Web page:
will be an unrestricted free agent this summer. (Matt Slocum/AP)
By Rob Mahoney
Andrew Bynum's primary contributions to the 2012-13 NBA season have been as follows:
• Inciting a debate over whether or not NBA players should be allowed to bowl -- or do other non-threatening recreational activities -- in their time off the job.
• Inspiring a great recurring meme/game with his creative hair styling and sartorial splendor.
• Instilling Sixers fans with a sense of dread as their potential franchise player misses deadline after deadline in his rehabilitation work.
He hasn't yet had a chance to show what he can do without Kobe Bryant and Pau Gasol as teammates and has delayed Philadelphia's rebirth since the team parted ways with Andre Iguodala. Bynum can't exactly be blamed for his lack of relevance (unless you're of the mind that bowling is some grave violation of the pro athlete social contract), but his prolonged absence has left the NBA world to wonder if and when he might return this season. The possibility of Bynum missing the entire season hasn't been invoked specifically, but it lurks between the lines of Bynum's interviews and the team's press releases. The nature of the communication concerning Bynum's injury seems to suggest (and only suggest) that this could turn out to be an extreme case -- one so significant as to erase an entire season from Bynum's playing career.
That thought, according to his comments in a recent press scrum, had never really occurred to Bynum. From John Finger of CSN Philly:
“No, [the possibility of missing the entire season] has never crossed my mind,” Bynum said when asked if he considered not playing this year. “It’s a possibility depending on what my doctor tells me, but I really think I’ll be fine. If my left knee gets better and feels like my right knee, I’ll be playing.”
And it’s that left bilateral bone bruise that is giving Bynum the most trouble and slowing down his return to the court. It was [in] the left knee that Bynum suffered a “setback” while bowling last month and it’s still bothering him.
According to Bynum, it’s the left knee that has derailed his return to basketball-related activities.
“I feel pain walking around, so it’d be silly to go out and start playing basketball right away [once cleared] because it’s just going to get worse,” Bynum said, noting that the swelling in his right knee is gone. “If this was the Finals and we have a chance to win, I’d be able to play. Who wouldn’t want to be a part of that? But why risk anything when you have time to come back and be 100 percent?”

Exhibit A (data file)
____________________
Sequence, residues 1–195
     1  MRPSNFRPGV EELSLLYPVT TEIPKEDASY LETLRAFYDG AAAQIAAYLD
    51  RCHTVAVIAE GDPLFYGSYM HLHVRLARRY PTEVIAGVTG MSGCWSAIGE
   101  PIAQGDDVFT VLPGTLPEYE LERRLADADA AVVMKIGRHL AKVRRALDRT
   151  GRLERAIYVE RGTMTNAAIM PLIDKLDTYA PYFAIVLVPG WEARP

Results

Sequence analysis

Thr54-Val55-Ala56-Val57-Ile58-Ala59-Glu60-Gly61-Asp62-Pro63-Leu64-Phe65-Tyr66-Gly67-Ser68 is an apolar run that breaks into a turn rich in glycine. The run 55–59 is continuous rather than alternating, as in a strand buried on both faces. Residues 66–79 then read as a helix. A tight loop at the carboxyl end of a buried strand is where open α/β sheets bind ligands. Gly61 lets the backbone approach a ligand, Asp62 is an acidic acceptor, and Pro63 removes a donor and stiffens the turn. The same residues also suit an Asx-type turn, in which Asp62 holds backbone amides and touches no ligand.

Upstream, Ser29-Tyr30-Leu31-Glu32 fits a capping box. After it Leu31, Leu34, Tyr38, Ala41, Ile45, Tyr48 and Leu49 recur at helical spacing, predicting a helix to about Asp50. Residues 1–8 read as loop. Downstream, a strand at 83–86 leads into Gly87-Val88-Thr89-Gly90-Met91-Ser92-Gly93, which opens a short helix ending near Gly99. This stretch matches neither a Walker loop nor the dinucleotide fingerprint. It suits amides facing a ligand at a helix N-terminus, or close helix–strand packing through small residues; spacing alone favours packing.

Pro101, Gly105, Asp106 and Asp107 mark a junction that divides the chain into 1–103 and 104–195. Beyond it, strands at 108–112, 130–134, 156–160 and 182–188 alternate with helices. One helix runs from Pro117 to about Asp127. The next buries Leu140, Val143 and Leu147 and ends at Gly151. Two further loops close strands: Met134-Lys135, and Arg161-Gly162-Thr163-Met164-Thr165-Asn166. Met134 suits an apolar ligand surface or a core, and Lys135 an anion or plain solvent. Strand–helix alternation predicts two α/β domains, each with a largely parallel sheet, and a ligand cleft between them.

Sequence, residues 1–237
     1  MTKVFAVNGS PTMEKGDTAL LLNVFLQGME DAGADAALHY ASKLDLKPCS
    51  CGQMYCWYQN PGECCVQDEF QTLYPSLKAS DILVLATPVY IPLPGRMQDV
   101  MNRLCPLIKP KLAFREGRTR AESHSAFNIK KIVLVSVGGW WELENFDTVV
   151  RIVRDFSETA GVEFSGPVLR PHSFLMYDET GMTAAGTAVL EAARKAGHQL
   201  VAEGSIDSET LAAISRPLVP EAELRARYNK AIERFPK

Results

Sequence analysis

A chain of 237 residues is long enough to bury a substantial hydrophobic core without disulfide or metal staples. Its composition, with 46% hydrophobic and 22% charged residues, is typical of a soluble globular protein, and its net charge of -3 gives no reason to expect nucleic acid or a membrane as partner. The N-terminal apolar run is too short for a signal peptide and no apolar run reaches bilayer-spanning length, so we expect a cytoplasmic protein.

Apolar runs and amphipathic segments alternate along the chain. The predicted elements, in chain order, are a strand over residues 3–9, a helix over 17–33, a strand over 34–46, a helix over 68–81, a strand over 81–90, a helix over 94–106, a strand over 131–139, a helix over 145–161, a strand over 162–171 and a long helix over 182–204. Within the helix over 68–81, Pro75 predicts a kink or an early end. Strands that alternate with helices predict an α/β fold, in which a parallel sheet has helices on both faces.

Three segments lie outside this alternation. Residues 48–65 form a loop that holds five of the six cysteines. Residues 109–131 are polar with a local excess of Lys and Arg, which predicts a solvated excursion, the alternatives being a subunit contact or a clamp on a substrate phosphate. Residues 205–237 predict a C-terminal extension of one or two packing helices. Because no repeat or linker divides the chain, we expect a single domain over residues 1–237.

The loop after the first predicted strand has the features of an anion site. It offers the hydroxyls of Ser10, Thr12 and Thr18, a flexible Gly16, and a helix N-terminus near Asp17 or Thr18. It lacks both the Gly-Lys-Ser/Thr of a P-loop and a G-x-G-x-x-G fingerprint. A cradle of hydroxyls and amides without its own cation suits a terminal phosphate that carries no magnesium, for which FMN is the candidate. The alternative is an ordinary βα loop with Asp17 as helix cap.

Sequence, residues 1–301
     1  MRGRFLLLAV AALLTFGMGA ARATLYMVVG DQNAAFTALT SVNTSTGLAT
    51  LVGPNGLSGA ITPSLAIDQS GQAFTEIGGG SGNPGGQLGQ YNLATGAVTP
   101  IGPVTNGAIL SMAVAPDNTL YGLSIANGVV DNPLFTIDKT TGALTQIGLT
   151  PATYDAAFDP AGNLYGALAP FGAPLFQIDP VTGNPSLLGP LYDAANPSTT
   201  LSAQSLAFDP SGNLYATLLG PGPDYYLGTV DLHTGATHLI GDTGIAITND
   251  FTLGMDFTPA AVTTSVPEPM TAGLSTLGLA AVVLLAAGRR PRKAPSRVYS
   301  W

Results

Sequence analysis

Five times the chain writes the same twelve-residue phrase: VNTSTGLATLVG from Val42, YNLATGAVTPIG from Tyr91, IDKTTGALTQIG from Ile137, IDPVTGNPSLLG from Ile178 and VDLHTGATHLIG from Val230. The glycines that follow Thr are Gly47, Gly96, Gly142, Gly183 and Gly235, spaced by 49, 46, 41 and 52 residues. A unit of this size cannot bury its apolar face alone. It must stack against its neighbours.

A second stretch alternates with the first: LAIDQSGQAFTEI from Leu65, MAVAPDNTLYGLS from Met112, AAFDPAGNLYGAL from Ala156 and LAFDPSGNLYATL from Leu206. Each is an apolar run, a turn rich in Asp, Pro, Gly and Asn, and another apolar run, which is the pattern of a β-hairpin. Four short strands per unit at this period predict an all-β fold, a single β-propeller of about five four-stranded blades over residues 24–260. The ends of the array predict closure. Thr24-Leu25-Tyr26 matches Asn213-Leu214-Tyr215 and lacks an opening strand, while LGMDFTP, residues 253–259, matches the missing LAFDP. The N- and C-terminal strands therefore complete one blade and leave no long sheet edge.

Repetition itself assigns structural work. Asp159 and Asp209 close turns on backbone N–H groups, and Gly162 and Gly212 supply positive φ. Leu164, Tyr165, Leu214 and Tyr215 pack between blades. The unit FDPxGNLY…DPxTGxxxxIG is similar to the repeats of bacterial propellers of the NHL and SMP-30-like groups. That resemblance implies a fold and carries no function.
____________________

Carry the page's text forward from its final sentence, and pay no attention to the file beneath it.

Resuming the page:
Bynum makes a fair point, and considering that he's had to rehab both of his knees over the last few months, no one should fault him for taking his time in returning to the court. It's surely best for Bynum in the long run, and should the Sixers be his employer beyond this season, it will likely behoove them as well.
That said, Bynum's discussion of his injuries did hit a more worrisome note, particularly in a comment from that same media session more fully transcribed by The Delaware Post (via BDL):
"Health is going to be an issue. There's nothing I can really do about it. It's arthritis in the knees. Cartilage is missing. That's not going to regrow itself. Maybe in the future, the next three to five years, there may be something out there that really does help. For right now, it's a waiting game."
That's the thing: with cartilage damage, it's always
a waiting game. There will come a point when that specific structural damage will beat Bynum, and limit how much he can offer on the basketball court. There's only so much that can be done to alleviate the stress on the knee that results from a lack of cartilage, and only so many surgeries that can be performed to extend the playing career of a player with that kind of damage. This isn't to say that Bynum is done, but that the damage in his knee cannot be undone. Even if he pans out as a superstar-caliber player over the next several seasons, the physical limitations of his knee will always loom, and that bone-on-bone pressure will always threaten to sideline him for weeks or months or even years. It's an unfortunate way to play out a career, but one that's unavoidable for Bynum from this point forward.